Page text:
Below are the simulated resistance, Q-factor and Inductance for differential and shunt configuration of Ls inductor of first stage Q factor is only 0.368! That is LOW! Anyhow, moving on

Below are the simulated resistance, Q-factor and Inductance for differential and shunt configuration of Lg inductor of first stage Below are the simulated resistance, Q-factor and Inductance for differential and shunt configuration of Lo inductor of first stage Alright, now goes the second stage inductors characterization (with interconnect lines too)

Below are the simulated resistance, Q-factor and Inductance for differential and shunt configuration of Lg inductor of second stage Below are the simulated resistance, Q-factor and Inductance for differential and shunt configuration of Ls inductor of second stage Below are the simulated resistance, Q-factor and Inductance for differential and shunt configuration of Lo inductor of second stage Right away I can tell that the resistance is way high at the frequency of interest for all inductors, the Q-factor for Ls inductor is terrible.

### Simulation of LNA with Inductor models created by Momentum

The broadband inductor models were created from Momentum after the simulation. I put those models in the modified schematics of my LNA as shown below After that I first reran the DC simulation. As a result, I see completely different DC characteristics than from previous simulation, and now those DC characteristics are closer to what I measured! Below is a table with simulated results with Momentum models for inductors shown in the third column The last column shows the measured results which I showed before, where I mentioned that DC current measured at supply line looks much smaller than simulated, which can now easily be seen in this table if you compare it to the first column results (normal corner) and second corner results (slow corner). However, the results of third column (simulation under normal corner but with Momentum models for inductors) and results of last corner (measured results) are almost matched!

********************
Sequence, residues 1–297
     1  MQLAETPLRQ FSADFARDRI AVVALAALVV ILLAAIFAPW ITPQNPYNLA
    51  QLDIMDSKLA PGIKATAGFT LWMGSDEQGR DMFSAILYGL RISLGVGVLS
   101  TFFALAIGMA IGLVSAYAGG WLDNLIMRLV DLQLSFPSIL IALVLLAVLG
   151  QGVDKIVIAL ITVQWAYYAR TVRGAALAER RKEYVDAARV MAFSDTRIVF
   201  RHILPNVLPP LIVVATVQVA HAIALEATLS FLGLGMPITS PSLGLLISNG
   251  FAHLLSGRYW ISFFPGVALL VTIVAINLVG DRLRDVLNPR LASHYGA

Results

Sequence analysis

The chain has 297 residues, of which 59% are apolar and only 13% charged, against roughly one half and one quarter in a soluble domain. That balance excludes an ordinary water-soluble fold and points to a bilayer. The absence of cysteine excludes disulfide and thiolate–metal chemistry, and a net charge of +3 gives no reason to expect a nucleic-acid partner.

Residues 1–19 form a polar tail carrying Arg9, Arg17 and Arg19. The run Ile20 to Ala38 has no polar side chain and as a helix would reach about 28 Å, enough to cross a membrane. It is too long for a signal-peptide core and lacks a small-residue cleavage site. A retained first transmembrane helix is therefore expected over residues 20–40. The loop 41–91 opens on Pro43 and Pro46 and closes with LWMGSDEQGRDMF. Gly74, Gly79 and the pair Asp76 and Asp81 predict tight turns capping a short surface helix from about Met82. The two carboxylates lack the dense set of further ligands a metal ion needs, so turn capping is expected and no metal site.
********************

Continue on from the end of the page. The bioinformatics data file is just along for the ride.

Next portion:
Now from all the information above, it turns out that inductor interconnect had a huge impact which I couldnt see before. And that impact can be even observed right here at DC.

After I simulated the S21, it turned out that at frequency of 2 GHz it was only 7 dB! Now, that is much closer to measured 9 dB gain than simulated 23 dB during the design using the standard inductor models from Design Kit integrated into Spectre.

I want to stress here that the problem is not that much in a Spectre models of inductors from Design Kit, but rather the way how I layed out the interconnect. The Momentum models of inductors were simulated including the interconnect lines from inductor ports.

Alright, after all that I want to re-design the LNA, but this time rely heavily on the Momentum simulation. I decided also to simplify the LNA from the schematics point of view, I do not want to have now two stages, just one stage, and no resistive feedback, also I will implement the blocking capacitors off-chip, this will give me more freedom for measuring the DC parameters. The redesign is covered here!